National Library architect Gunārs Birkerts dies at 92

Take note – story published 6 years ago

Latvian American architect Gunārs Birkerts (American spelling: Gunnar Birkerts), notable in Latvia for designing the National Library, has died on August 15 at the age of 92.

According to data by the Latvian Culture Canon, Birkerts, born in 1925 in Riga, was the most famous and prolific Latvian architect whose projects include several universities, libraries and museums. Most of these buildings were constructed in the US where Birkerts spent most of his life and produced his most important work.

His best-known contribution to architecture in Latvia is the National Library building - often referred to as the Castle of Light - on the left bank of Daugava River.

News of his death were tweeted by his son Sven and confirmed to LTV by the National Library.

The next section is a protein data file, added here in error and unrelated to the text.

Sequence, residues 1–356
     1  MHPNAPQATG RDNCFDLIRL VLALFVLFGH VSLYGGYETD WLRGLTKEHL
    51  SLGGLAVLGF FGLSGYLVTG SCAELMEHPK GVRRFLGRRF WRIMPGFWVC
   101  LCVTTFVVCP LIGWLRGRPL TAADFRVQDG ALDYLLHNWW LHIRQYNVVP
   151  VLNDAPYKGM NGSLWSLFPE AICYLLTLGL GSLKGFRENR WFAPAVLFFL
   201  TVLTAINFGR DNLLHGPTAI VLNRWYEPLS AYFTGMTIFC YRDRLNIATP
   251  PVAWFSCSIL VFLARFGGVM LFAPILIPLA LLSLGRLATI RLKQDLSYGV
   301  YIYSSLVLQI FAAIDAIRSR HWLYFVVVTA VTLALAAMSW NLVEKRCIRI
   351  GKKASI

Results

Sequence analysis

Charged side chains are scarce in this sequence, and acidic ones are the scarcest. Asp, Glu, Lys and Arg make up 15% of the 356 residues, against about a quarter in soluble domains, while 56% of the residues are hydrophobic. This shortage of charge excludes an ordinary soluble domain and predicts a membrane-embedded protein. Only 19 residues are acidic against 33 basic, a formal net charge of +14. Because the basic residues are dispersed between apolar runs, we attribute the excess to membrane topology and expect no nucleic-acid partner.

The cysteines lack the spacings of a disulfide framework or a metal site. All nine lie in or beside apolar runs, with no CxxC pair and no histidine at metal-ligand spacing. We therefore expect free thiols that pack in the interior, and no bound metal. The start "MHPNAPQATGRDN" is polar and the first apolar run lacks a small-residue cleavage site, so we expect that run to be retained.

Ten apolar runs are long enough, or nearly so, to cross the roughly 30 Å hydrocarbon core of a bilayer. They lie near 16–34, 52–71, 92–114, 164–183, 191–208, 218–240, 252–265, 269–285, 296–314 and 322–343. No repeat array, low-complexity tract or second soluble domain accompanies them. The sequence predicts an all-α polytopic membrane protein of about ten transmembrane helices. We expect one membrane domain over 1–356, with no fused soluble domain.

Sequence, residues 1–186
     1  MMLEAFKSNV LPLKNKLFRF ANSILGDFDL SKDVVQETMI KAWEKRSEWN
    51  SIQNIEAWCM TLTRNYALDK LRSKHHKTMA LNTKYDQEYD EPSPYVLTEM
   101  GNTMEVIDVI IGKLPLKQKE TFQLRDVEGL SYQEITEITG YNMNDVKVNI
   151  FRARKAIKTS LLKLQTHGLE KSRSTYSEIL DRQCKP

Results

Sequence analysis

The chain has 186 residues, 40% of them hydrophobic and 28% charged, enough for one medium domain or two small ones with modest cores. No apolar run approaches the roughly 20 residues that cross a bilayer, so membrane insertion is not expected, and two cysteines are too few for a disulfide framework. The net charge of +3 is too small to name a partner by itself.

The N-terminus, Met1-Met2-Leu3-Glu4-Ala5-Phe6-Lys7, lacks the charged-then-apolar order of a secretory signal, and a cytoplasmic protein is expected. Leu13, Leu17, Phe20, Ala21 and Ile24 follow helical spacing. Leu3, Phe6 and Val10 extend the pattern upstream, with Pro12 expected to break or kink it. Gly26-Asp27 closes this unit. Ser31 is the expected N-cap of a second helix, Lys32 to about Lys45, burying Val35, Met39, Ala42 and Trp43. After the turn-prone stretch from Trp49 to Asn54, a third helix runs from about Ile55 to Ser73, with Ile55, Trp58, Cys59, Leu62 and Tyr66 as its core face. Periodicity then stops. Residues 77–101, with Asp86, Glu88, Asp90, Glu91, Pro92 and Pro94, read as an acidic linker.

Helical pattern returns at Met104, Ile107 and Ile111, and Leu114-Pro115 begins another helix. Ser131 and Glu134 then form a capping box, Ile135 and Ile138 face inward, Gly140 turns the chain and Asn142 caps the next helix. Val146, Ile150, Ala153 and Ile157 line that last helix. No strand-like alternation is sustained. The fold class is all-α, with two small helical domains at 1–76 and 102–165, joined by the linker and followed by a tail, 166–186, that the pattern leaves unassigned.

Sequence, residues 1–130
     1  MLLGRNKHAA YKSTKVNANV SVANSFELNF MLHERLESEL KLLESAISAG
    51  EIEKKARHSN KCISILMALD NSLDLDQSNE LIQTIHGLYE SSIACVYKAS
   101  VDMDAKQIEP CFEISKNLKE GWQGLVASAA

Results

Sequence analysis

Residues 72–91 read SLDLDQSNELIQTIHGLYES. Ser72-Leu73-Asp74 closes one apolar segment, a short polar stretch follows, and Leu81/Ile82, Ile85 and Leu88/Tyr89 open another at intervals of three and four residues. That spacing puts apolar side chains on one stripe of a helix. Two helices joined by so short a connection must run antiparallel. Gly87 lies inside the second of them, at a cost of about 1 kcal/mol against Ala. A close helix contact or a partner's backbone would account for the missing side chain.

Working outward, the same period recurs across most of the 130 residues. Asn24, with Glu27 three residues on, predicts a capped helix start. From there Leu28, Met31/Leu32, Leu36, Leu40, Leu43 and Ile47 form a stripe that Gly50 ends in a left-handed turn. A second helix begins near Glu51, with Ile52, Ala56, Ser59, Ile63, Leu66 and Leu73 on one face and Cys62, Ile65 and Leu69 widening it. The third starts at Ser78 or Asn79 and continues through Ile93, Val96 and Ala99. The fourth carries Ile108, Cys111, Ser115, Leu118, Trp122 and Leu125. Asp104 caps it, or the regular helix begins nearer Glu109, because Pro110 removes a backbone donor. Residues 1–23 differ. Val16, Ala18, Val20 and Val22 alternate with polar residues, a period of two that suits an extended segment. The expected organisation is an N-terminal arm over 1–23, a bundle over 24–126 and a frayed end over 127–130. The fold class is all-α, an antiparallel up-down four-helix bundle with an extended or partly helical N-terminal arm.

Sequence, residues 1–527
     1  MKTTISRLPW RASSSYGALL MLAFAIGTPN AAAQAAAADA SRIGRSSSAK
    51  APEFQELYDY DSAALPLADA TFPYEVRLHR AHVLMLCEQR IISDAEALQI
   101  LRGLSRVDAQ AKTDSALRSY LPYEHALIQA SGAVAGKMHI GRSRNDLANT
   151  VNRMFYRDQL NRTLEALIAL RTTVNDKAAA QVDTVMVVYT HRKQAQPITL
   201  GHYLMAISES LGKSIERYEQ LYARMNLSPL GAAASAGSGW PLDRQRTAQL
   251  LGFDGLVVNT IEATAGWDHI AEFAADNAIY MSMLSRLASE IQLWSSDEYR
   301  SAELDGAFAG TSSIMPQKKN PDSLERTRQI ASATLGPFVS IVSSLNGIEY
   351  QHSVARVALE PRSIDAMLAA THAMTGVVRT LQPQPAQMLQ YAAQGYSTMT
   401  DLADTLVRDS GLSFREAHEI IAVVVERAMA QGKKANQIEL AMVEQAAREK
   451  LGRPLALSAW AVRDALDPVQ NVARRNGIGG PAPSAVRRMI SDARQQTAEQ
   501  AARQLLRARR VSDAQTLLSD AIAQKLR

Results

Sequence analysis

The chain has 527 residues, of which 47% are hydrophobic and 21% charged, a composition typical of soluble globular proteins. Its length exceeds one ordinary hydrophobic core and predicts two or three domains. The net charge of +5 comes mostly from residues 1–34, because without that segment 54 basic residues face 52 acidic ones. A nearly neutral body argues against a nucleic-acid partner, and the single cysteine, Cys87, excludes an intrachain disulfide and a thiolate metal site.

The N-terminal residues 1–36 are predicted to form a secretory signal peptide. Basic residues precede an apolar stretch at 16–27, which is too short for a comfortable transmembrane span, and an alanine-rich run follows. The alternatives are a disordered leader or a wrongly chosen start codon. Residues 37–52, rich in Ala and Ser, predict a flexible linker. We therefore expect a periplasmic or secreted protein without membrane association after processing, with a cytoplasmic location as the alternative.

Birkerts fled Latvia ahead of the advancing Russian army in 1943, during the second world war. He graduated from the Technische Hochschule in Stuttgart, Germany, in 1949. The most active years of Birkerts' life were spent in the United States which was then the world hub of architecture.

Initially he worked for Perkins and Will, then for Eero Saarinen, and finally for Minoru Yamasaki before opening his own office in the Detroit suburbs.

Birkerts' designs include the Federal Reserve Bank in Minneapolis (1968-1973), while the Corning Museum of Glass in Corning, New York (1976-1980), and the University of Michigan Law Library Addition (1974-1981) were included in the 2007 American Institute of Architects list of the 150 most notable buildings constructed in the US.

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